Concern about safety standards in our buildings has intensified dramatically over the last four years. A particular focus has been fire risk and the performance of external cladding systems. This close scrutiny has prompted the Government to signal the introduction of new legislation. The Building Safety Bill is the start of this process and probably won’t be the last as debate continues about the current system for building control in the UK and its fitness for purpose. The lack of confidence that buildings have been designed and built to be safe is evident in the introduction of the EWS1 form, developed by the RICS to unlock transactions halted by concern about possible cladding risk. The form, which relies on an expert assessment of the property, is designed to give purchasers and their lenders the confidence to proceed. The form was originally created to assess residential buildings over 18 metres tall but changes in Government advice in January 2020, has brought all residential buildings potentially within scope depending on the type of cladding.
Its introduction revealed a huge shortfall of qualified assessors to meet the surge in demand for forms. The Ministry of Housing, Communities & Local Government (MHCLG) estimates that 42,000 buildings need an EWS1 form. Currently only 100 of 300 fire engineers operating in the UK are signing them. In response, the Government provided funding to train a further two thousand building assessors and relaxed some of the rules so that owners of flats in buildings without cladding will no longer need an EWS1 form to sell or re-mortgage their properties.
If this is the impact of introducing a simple certification process, the consequences of the government’s new building safety regime, once introduced, could be much more far-reaching, leaving owners exposed to new liabilities and ill-equipped to meet them.
Clearer accountability underpins the emerging legislation. That means new roles and new responsibilities for building owners and their management teams. Overseeing this will be the new Building Safety Regulator, a safety body that will scrutinise the design, construction, and occupation of high-risk buildings. Established as an independent source of expert advice it will be a point of reference for landlords and owners, the design and construction community, and residents.
Although prompted by concerns about cladding and external walls, the likely legislation will take a broader view of fire risk and encompass the entire building. It will however introduce a specific process for the certification of facade systems and products, as well as requiring that installation work is conducted by accredited installers, and monitored independently.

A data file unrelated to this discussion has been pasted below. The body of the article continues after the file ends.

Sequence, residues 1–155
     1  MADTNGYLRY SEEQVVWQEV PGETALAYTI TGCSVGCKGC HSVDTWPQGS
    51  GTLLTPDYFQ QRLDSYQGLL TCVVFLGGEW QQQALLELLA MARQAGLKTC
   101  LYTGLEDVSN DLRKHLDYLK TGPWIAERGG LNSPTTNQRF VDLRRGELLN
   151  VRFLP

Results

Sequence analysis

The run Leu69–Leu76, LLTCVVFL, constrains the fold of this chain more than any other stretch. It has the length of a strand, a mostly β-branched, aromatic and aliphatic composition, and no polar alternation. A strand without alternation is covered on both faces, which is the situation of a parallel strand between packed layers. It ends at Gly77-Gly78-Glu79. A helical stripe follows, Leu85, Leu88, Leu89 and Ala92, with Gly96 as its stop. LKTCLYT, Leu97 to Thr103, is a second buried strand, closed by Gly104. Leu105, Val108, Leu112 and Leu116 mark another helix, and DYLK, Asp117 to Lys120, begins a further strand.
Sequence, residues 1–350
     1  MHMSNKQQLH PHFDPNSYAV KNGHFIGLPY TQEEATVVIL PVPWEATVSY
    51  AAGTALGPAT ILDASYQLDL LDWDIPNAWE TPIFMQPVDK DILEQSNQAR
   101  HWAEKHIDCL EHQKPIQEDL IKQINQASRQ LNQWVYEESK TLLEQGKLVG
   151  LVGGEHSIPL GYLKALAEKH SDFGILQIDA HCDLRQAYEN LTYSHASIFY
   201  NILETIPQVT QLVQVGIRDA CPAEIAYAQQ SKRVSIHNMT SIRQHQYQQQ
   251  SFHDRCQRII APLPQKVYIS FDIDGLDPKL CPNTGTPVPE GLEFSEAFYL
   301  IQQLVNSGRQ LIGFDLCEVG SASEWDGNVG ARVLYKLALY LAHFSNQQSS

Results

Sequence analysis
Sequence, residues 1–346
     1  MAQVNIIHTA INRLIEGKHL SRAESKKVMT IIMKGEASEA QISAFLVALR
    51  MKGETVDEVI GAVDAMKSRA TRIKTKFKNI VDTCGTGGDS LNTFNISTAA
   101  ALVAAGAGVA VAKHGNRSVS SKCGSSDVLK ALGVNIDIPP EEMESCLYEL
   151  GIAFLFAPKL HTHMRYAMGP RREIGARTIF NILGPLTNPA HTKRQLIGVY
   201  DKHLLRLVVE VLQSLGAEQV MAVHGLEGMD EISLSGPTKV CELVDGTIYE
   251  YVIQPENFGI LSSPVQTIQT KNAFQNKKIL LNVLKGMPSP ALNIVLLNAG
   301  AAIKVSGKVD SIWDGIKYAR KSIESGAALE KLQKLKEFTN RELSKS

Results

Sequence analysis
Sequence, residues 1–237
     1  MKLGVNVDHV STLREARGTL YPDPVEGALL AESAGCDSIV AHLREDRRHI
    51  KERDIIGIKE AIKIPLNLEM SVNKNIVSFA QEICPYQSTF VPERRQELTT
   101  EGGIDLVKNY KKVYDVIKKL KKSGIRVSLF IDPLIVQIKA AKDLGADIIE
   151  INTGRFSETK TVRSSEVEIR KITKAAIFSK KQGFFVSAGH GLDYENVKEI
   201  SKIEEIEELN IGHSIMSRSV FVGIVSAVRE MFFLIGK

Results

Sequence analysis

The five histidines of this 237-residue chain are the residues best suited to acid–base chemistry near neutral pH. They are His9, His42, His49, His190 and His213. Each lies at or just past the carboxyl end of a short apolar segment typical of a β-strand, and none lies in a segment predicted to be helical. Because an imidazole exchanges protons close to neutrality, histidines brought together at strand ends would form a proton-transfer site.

The new compliance regime, once it’s finally in place, will radically reshape building design, procurement, and construction practice, as well as the way real estate is transacted. It won’t be possible to occupy a new building or sell an existing building if it doesn’t have a Building Safety Certificate issued under the Regulator’s compliance regime. The Certificate will need to include two named parties with designated roles; the accountable person and the building safety manager. Those roles come with legal responsibilities.
The Building Safety Regulator will require Safety Cases to be provided for new or existing residential buildings above 18 metres. This strategy document, submitted for approval by the Regulator, will need to demonstrate the measures that have been adopted for effective risk management and building safety. It’s only once approval has been given that a Building Safety Certificate will be issued. The Safety Case is a living document, displayed in the building, subject to periodic review and carrying the jeopardy of remedial action if safety standards are neglected.
The Regulator will set up a register of companies to assess high rise buildings and develop Safety Cases. Whilst the need for a Building Safety Case won’t be mandatory for two years, MHCLG recommends that building owners need to start this process now.
For building owners, the exposure to greater liability for fire safety is clearly a new area of risk. The building safety manager, for example, may not be expected to have an in-depth knowledge of the evolving legislation or the relevant technical guidelines. All the more reason to ensure they are supported by an expert. This is an area that calls for a mix of skills, a combination of construction knowledge with legislation and building management skills brought together to develop safe and effective strategies designed to accommodate future changes in the law as they occur.
Fire safety won’t be out of the public discourse anytime soon. The emergence of new legislation and the formal roles it will create for duty holders means that owners need clear and informed professional advice to understand their new responsibilities and the risks that come with them.
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